Ace photographer Monir Ali writes exclusively for Asian Lite. Please send your comments to email@example.com
When my wife mentioned that she had booked a short holiday to the Costa del Sol, I was taken aback. Thoughts of drunken folks running around shouting and screaming had almost ruined my break before it begun! But some pre holiday research started to abate my initial feelings and saved the short break. Using the small town of Balenmedina, nestled 20 miles south of Malaga, and 30 miles north of the Marbella, as our base we explored the gems of Andalucía a and the coastal region of Malaga.
Balanmedina, pronounced as Bella Marina, is historically a small fishing town, which has been cajoled into a holiday destination, by the over flow from Malaga and Marbella. The town is a sleepy idyll, with a meandering palm tree lined avenue runs for 3 miles from edge to edge, which slowly turns into a coastal road leading toward Gibraltar to the south and Marbella to the north.
Having two young children, both girls 6 and 8, we need to be quite strategic with our choice of accommodation. The hotel we booked, was part of an all inclusive holiday village, which has seven swimming pools, mini golf, Tennis, Archery and plenty of activities to keep the little ladies busy, on those hotel days allowing us to recharge our batteries and plan our day excursions.
Having soaked up some early spring sun, we took on our first big adventure. The expedition began with an 7am start, a hearty Spanish breakfast and a 145 km drive though the Andulician country side and winding roads taking us through breath taking mountain landscapes, eventually leading to Granada, home of The Alhambra.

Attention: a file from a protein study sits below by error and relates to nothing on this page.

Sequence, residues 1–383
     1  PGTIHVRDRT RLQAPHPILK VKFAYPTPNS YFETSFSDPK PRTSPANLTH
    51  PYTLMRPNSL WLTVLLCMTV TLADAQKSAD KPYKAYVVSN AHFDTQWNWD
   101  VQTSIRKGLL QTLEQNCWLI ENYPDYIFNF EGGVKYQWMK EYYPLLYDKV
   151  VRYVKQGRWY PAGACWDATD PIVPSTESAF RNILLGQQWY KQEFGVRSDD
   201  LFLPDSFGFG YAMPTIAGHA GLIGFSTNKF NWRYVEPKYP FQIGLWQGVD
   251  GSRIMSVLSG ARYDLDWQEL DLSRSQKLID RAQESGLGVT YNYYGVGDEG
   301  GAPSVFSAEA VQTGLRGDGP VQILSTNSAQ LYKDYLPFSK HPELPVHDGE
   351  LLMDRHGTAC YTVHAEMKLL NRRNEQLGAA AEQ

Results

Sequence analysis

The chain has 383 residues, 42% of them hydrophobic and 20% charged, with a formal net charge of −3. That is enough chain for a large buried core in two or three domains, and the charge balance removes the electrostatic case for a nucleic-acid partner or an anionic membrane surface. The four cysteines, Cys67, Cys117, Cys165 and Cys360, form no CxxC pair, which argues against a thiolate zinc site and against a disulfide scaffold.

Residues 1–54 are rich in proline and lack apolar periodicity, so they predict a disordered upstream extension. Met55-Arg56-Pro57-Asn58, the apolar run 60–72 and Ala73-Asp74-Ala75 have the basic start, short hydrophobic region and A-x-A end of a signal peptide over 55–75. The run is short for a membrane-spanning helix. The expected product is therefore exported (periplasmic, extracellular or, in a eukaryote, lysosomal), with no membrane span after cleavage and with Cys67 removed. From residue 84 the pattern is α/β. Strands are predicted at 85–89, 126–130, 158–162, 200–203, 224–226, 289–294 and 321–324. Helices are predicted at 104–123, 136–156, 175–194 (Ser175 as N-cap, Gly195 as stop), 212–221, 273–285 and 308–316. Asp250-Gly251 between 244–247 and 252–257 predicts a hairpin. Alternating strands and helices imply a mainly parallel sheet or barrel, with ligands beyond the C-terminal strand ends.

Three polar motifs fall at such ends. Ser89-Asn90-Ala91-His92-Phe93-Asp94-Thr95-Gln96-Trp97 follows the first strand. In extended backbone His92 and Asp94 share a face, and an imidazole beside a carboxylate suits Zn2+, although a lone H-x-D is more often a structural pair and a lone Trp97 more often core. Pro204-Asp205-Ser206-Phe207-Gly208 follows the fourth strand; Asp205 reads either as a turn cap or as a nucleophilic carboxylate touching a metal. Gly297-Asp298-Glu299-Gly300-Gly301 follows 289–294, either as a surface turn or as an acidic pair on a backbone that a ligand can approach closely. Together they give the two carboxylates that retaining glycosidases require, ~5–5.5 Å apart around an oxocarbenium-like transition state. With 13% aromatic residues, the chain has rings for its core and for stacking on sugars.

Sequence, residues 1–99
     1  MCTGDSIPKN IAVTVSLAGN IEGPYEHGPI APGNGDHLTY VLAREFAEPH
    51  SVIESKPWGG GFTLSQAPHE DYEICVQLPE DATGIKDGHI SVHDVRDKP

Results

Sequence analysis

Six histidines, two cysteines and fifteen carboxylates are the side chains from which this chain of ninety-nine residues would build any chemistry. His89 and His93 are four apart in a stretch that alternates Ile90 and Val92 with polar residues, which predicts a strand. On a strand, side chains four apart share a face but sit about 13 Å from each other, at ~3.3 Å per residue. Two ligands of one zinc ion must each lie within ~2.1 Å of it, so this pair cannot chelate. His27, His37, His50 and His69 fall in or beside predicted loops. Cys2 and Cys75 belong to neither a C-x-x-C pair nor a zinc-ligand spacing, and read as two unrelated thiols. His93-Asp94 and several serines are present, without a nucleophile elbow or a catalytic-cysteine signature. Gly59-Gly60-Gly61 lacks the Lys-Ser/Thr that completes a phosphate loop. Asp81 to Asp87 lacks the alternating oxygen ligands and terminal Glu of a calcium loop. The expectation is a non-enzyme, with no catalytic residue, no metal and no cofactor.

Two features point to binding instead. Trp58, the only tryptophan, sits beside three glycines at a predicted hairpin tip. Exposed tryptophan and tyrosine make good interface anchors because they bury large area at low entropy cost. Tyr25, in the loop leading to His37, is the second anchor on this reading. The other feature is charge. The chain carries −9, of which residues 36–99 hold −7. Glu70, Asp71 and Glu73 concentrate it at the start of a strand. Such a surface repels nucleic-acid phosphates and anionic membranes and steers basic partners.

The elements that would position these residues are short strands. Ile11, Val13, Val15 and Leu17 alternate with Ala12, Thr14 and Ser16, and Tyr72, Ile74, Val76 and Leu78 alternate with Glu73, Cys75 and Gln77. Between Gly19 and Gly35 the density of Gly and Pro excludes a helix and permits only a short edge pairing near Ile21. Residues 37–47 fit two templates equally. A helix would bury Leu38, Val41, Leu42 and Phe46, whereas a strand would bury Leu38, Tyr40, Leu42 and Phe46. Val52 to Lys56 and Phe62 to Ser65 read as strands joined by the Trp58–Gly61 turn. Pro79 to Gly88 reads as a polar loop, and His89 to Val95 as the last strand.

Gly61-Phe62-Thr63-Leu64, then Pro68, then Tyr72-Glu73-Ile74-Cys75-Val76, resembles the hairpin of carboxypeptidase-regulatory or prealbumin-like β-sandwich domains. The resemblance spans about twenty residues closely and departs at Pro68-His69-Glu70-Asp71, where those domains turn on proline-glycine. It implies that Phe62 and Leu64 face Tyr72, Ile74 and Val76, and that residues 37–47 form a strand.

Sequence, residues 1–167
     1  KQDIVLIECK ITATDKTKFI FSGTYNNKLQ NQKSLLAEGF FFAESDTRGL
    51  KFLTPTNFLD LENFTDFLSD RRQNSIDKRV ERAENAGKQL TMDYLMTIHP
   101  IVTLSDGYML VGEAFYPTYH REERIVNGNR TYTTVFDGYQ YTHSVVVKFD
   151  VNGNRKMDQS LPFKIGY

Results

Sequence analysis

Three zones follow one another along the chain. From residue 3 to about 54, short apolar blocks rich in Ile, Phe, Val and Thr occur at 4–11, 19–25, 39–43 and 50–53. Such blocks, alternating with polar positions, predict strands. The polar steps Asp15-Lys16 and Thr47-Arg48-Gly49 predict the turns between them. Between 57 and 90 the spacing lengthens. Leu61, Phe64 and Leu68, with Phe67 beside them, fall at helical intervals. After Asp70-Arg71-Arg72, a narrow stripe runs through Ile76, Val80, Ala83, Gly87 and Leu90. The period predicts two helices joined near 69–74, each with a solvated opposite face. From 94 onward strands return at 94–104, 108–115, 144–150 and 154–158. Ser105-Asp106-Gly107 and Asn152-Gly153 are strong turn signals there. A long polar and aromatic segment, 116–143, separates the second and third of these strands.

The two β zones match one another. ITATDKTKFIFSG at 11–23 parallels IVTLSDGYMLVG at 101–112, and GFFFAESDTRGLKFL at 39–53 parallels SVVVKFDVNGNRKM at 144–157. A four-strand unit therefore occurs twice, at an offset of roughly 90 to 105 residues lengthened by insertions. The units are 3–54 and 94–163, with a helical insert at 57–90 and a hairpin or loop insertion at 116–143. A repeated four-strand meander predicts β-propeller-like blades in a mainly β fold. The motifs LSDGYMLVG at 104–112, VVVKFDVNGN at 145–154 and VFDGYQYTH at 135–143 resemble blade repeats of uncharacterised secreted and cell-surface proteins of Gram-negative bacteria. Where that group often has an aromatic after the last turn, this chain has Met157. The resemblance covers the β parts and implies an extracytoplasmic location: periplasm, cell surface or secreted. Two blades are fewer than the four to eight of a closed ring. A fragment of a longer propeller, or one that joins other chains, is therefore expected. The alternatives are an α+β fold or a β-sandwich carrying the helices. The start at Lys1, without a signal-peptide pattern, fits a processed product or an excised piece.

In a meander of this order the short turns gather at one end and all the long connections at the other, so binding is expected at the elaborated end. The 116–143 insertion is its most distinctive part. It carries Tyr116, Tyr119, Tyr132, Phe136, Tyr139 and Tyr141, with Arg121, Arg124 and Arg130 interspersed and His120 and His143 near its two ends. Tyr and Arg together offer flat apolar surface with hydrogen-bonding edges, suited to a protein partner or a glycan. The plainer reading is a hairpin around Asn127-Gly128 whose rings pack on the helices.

The Alhambra is a beacon of Islamic architecture that draws people from all parts of the world, all cultures and religions. The magic of Alhmabra starts as you walk up the narrow cobbled street, pass the mini orange groves, the temptation of the abundance of fruit will have you reaching out taste the Spanish sun, be warned not all is what it seems when you bite into the juicy fruit.
The 13th Century walled gardens of the The Generallife was one the highlights of the afternoon, getting lost in the cool shaded garden and finding a quite picnic spot over looking the old town was awe inspiring. After a welcomed lunch and break from the heat, we headed toward Nasri Palace, a grand and ornate building, which draws your breath with every step. Be warned, take comfy shoes, lots of water as there are a lot of steps up to some breathtaking views of Granada from the top of the towers.
After a fabulous day of historical adventure the two young Laura Crofts, wanted to head to do something more creative and edible, so we headed off to the mountains for the Mayan Monkey Chocolate Factory. This was a little boutique chocolate maker situated in the picturesque village of Mijas.
This Small and friendly factory let the kids make their chocolate bar. For 10 euros they could make their own inspired creations from an array of flavours. My two chocolates experts invented two awesome bars of chocolate; Arianna made double chocolate with caramel swirls, and Amelia made a mix of white and light chocolates with marshmallow bites.
The food was a key part of the holiday experience and discovering old Spanish flavours was one our favourite pastimes, we especially loved the vast range of vegetarian and seafood Tapas, like lemon and pepper calamari, deep fired white bait, garlic mushrooms and of course Spanish Omelette. and then there’s the Paellas – so vast and so tasty, that’s a whole other review.
As a holiday destination Costa del Sol offers the semi independent traveller a wealth of experience from sandy white beaches of Malaga, to city centre enriched with medieval history, to the cosmopolitan streets of Marbella to the artisan harbour cafes and restaurants, serving the delicious authentic tapas.
This is an area of Spain steeped in history and Spanish culture, our only regret was that we did not have enough time to explore the entire region, well maybe next time.